Last year Gizmodo and the Museum of Science and Industry, Chicago partnered up to curate the technology for the Smart Home: Green + Wired. The exhibit recently re-opened for 2012 with new furnishings and a few our favorite new gadgets. MSI did an incredible job in 2011 creating a truly Smart Home that we wished we could live in, and this year's refresh is no different.
The exhibit isn't simply museum items behind glass; it's a livable and fully functioning house. Specifically, it was designed with a family of three in mind— two parents and an astronomy-obsessed 10-year-old. From its energy-efficient heated radiant subfloors and Low-E windows to its mechanized shading system and AMX automation system, the Smart Home is an embodiment of efficiency and intelligence. What's more, the 2012 Smart Home exhibit celebrates revival, featuring a whole new set of re-used and refurbished furnishings from Chicago home interior store Scout. This trifecta of ideals—efficiency, intelligence and revival—are illustrated in each room and aspect of the Smart Home.
We love the house itself, but what we're most excited about are the new gadgets.
In the kitchen resides the SousVide Supreme, a personal favorite amongst the home cooks at Gizmodo. Why do we love it? Because you can cook a steak with this machine, and it will be perfect every time. Using vacuum-sealed pouches, the SousVide cooks your food in a water oven held at a precise temperature for hours—sometimes even days—which translates to pure deliciousness. We labeled the SousVide as the microwave's high-tech successor, and for that we think it's smart enough for the prestigious countertop of this year's Smart Home exhibit.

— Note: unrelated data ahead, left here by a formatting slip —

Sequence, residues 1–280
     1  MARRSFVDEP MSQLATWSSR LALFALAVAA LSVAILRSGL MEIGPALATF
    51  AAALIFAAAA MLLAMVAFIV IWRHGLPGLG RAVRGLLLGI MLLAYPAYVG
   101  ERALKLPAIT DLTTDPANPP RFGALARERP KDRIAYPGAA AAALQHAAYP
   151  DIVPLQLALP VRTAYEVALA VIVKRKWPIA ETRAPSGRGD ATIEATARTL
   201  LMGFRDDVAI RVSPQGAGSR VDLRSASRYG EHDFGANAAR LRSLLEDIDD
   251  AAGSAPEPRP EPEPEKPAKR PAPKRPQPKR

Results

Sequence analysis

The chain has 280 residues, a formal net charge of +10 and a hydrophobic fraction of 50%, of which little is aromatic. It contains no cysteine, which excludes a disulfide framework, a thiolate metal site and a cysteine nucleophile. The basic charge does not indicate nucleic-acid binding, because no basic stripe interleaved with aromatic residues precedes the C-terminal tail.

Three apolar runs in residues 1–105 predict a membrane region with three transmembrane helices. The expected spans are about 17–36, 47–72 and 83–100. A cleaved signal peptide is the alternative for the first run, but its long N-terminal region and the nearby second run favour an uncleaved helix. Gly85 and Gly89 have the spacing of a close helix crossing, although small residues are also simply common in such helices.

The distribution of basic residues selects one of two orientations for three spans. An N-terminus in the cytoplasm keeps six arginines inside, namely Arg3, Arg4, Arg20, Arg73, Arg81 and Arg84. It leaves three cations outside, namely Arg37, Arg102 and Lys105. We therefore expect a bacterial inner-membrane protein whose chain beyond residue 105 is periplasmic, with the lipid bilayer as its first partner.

We outfitted the home office with a Lytro Camera. Let's be frank: This gadget feels like the future. It's not often we encounter technology that's really, truly new, and for us the Lytro cam—with its ability to focus pictures after they are taken—was just that. Alongside the Lytro Camera on the home office's desk we've got something magical, a haptic weather forecaster that lets you actually feel tomorrow's temperature. The Cryoscope designed by Robb Godshaw was created from a heat sink, cooling fan, and a Peltier element. All the parts are encased in an slick aluminum cube which heats up or cools down to reflect tomorrow's predicted air temperature. A simple web app lets you specify your location, and on the underside of the cube a red and blue colored LED provides a visual cue to the predicted temp.
There are a few other gadgets we added to this year's Smart Home, but we don't want to spoil the surprise of seeing the exhibit in person. If you're in Chicago stop by the Museum of Science and Industry to see the 2012 Smart Home, but be warned they won't let you live in the house. We already tried.